An hour before the Zac Brown Band took the stage at En-Joie Golf Club in Endicott on Friday, 8-year-old Ava Miller found a way to pass the time.
It is not uncommon to see a white ball fly off the 18th fairway at En-Joie, especially during the Dick’s Sporting Goods Open.
But at this time of night, when the day’s round of golf was long over, it was somewhat odd to see a small plastic ball flying through the air.
“Stop chatting, no more throws,” Ava, 8, told her aunt after a momentary pause in their catch-up game.
After watching Old Dominion play at last year’s Dick’s Open, Ava wanted to come back this year and her aunt Theresa Ondrako, 35, her friend Melissa Fisher, 35, and Ava’s mother, Colleen Ondrako, 37 , decided to pass the time however they could. think about.
“It’s like the third hour of play,” Ondrako said. “We were doing relay races earlier.”
But the wait is something Theresa Ondrako and Melissa Fisher are used to by now. They haven’t missed a Dick’s Open gig since the first in 2007.
After 15 years, the Dick’s Open stage has seen a variety of acts like Hootie and the Blowfish, Train and Blake Shelton, but only the Zac Brown Band set foot on stage twice, making local history Friday night.
The Zac Brown Band released their debut album titled Home Grown in 2005, building on their success since with hits like “Toes”, “Chicken Fried”, “Whatever It Is” and “As She’s Walking Away”, earning the bandmates Zac Brown, Clay Cook, John Driskell Hopkins, Matt Mangano, Coy Bowles, Daniel de los Reyes, Jimmy De Martini, Chris Fryar and Caroline Jones Grammy Awards plus honors from the Academy of Country Music and Country Music Association .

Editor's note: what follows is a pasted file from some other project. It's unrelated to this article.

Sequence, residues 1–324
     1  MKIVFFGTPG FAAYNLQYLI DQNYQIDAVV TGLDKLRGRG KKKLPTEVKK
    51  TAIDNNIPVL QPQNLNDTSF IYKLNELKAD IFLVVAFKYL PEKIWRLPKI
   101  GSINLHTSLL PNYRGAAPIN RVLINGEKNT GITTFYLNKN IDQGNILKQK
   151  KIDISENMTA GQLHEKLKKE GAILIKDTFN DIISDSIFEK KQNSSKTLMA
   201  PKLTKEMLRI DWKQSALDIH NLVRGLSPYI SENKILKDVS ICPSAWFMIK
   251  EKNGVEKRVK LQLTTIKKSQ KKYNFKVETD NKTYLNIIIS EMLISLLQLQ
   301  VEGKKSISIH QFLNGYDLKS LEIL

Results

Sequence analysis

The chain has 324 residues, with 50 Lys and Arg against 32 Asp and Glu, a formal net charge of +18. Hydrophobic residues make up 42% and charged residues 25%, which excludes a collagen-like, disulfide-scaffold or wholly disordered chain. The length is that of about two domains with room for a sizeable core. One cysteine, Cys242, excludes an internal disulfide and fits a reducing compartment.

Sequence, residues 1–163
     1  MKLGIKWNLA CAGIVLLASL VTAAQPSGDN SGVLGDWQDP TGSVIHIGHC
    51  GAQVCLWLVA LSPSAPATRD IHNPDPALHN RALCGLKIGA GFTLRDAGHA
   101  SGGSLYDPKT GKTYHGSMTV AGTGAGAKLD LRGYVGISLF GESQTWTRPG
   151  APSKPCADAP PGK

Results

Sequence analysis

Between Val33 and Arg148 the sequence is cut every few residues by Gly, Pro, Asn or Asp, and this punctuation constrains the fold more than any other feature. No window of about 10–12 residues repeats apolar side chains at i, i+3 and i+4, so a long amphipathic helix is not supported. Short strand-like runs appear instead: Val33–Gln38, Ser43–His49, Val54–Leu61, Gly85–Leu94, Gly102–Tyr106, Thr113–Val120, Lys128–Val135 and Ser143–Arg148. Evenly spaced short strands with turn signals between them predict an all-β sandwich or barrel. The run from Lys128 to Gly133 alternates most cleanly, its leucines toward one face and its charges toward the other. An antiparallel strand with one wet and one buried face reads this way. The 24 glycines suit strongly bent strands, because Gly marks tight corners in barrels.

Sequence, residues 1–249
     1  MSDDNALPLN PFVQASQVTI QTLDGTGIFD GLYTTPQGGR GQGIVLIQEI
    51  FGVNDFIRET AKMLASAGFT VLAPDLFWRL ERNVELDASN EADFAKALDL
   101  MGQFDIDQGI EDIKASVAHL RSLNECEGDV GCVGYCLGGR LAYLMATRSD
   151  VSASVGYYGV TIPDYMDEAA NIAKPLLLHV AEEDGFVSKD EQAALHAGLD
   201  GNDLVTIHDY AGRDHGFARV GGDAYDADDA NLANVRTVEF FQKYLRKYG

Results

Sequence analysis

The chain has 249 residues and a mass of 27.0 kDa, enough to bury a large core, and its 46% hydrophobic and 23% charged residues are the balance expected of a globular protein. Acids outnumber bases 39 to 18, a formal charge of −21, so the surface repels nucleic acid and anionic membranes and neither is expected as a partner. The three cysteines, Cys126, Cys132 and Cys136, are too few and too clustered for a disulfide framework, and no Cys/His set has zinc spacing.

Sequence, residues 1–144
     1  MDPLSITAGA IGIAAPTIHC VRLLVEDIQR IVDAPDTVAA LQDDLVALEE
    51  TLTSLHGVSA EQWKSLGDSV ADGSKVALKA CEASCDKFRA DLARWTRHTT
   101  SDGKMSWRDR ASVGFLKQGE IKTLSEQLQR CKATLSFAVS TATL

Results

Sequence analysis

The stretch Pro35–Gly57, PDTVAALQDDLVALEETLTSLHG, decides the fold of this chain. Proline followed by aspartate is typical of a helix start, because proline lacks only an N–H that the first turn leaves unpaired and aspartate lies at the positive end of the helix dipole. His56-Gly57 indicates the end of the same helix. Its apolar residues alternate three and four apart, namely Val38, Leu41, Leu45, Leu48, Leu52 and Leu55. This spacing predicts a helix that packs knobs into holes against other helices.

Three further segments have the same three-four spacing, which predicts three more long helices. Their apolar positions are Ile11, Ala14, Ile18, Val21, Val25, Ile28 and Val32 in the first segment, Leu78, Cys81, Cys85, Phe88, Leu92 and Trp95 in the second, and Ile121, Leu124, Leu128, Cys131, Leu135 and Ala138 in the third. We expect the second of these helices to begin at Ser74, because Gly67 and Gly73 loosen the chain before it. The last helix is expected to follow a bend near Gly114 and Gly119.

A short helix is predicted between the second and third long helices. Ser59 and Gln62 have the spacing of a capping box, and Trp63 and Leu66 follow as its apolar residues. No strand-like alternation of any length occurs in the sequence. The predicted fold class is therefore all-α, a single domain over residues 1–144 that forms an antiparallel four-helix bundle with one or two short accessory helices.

And on Friday night, after a tribute to the late Tim Myers, who died in July last year after leading the Dick’s Open since its inception in 2007, a medley of the band’s hits, including “Same Boat” from their latest album released in 2021 titled “The Comeback” and covers, like “Use Somebody” from Kings of Leon, captivated the crowd for two hours.
As the setting sun colored the clouds many shades of pink and purple and the crowd around them thickened, Ava and Theresa’s wrestling game was coming to an end.
The crowd gathered on the 18th green turned to the stage. The Zac Brown Band came out to greet them, six years after they last performed at the same venue.
So much has changed since then. The band was inducted into the Fenway Music Hall of Fame, earned their 9th Grammy nomination, and band member John Driskell Hopkins, or “Hop,” started a foundation called “Hop On A Cure,” the same words printed on the hat he wore Friday night after being diagnosed with ALS late last year.
But when the opening notes of “Keep Me In Mind” echoed around the grandstand and deep into the fairway, the feeling was familiar. Hundreds of people sang together and on stage, Zac Brown turned to the microphone and spoke to the crowd.
“It’s great to be here with you all.”